The government is planning to liberalise the terms and conditions for the sale of the national carrier. The Centre is still pursuing the option of selling the airline’s subsidiaries before the airline itself, in order to deal with an outstanding debt of around Rs 27,000 crore.
The government would soon reconstitute a group of ministers charged with Air India’s privatisation decisions, following which the Centre plans to start the process of taking another shot at selling the national carrier, by issuing a new expression of interest.
In Prime Minister Narendra Modi’s first term, the Air India-Specific Alternative Mechanism (AISAM), as the group of ministers is known, comprised then Finance Minister Arun Jaitley, Road Transport Minister Nitin Gadkari, Commerce and Civil Aviation Minister Suresh Prabhu and Rail Minister Piyush Goyal.
With Jaitley and Prabhu no longer a part of Modi’s Cabinet, the AISAM will be reconstituted to include the current Finance Minister, Nirmala Sitharaman, and Civil Aviation Minister Hardeep Singh Puri, Business Standard has learnt.
Gadkari and Goyal are expected to stay on in the group.
As the senior-most minister, Jaitley headed the AISAM since its formation in July 2017.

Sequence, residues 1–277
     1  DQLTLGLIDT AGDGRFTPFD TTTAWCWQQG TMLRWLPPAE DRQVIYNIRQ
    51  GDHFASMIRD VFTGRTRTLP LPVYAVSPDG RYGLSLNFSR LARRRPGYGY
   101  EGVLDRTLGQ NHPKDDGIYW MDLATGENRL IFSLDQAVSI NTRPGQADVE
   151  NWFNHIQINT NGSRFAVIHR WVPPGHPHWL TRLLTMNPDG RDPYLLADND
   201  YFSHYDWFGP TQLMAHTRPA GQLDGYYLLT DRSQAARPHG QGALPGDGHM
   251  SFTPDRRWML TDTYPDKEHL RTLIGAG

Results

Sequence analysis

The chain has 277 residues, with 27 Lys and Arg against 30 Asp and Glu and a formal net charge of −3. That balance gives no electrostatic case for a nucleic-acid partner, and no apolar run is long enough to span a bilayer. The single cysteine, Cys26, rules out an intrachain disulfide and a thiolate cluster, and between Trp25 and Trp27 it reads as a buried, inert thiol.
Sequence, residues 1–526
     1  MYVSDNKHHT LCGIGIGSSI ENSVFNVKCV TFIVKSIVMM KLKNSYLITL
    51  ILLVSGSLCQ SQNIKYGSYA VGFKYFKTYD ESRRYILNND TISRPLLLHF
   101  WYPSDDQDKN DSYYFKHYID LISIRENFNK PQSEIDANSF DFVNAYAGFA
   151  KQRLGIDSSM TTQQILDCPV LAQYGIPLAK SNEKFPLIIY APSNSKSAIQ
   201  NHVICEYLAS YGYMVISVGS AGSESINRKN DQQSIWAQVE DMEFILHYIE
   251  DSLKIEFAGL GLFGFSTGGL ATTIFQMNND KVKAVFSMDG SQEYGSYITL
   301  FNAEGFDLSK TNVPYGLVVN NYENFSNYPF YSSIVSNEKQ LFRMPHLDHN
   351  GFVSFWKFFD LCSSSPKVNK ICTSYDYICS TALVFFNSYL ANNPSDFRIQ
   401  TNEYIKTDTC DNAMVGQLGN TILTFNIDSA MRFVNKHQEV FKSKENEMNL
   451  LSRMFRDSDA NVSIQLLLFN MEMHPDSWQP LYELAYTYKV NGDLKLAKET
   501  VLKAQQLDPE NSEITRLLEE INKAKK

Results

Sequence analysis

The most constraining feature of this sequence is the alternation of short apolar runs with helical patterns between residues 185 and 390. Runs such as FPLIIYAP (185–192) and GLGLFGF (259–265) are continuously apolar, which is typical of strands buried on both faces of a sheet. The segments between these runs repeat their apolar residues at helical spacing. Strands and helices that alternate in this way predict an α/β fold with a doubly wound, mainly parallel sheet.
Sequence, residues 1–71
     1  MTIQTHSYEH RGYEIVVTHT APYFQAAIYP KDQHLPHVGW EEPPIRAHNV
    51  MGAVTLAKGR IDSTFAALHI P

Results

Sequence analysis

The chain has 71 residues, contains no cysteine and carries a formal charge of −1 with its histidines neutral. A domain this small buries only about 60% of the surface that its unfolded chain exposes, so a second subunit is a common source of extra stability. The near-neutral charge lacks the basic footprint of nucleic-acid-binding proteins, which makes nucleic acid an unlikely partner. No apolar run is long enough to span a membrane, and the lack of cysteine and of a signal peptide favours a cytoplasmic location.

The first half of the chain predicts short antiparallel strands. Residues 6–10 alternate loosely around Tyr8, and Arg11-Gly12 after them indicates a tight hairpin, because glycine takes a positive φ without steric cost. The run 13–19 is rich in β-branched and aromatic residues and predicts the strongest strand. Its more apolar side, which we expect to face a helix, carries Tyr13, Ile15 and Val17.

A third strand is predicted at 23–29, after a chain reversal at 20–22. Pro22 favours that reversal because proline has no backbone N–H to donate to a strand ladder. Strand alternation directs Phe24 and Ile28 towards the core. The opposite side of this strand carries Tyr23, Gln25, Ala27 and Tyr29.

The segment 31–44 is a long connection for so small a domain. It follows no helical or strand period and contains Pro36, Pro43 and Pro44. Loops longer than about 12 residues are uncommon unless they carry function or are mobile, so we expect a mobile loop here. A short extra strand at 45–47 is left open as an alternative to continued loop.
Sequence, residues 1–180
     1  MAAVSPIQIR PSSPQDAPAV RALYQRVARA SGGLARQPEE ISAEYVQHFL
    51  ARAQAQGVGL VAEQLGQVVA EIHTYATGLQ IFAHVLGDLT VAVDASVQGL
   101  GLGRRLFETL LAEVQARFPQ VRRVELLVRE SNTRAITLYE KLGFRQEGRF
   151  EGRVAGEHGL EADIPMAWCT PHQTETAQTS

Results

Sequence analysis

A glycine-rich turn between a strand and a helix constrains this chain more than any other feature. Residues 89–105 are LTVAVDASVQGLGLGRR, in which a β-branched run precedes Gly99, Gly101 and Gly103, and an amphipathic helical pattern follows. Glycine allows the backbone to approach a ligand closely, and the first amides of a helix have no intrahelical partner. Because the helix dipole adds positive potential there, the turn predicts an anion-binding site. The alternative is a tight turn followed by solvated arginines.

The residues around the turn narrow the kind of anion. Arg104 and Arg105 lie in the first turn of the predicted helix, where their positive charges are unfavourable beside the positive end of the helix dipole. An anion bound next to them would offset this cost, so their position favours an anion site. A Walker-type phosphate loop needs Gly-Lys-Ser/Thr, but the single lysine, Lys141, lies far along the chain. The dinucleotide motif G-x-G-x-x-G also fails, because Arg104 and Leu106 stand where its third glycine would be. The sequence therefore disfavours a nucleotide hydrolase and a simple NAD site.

If Gadkari continues to be part of the AISAM, he will be the senior-most minister.
“The AISAM will be reconstituted very soon. Its first job will be to give clearance to the new expression of interest (EoI) for potential bidders for Air India.
"The EoI is nearly ready and will be put out in public once the group gives its go-ahead,” said a government official.
As reported earlier, the government is planning to liberalise the terms and conditions for the sale of the national carrier.
The changes would allow a potential buyer to go for a stake sale of the airline immediately after acquiring it.
The revised norms would also enable merger or reverse merger of Air India with any existing business of the buyer.
At least 95 per cent stake of Air India will be up for sale; 5 per cent will be retained for the employee stock option.
This is the first time the government will relax rules for strategic disinvestment, meant to prevent asset stripping.
The relaxation of the rules was proposed by transaction advisor EY as multiple entities during the last sale process in 2017 had objected to them, saying they restricted the bidder from raising capital from the market and developing synergy with an existing business.
The Centre is still pursuing the option of selling the airline’s subsidiaries before the airline itself, in order to deal with an outstanding debt of around Rs 27,000 crore.
At the last year’s auction, the government had decided to retain 24 per cent in the airline, which was one of the key reasons why it failed to generate interest among potential buyers.
No one had expressed interest in Air India, forcing the government to call off the sale.
The AISAM is charged with giving approvals at every step of the Air India divestment process, with only the blanket approval given by the Union Cabinet.
Photograph: Adnan Abidi/Reuters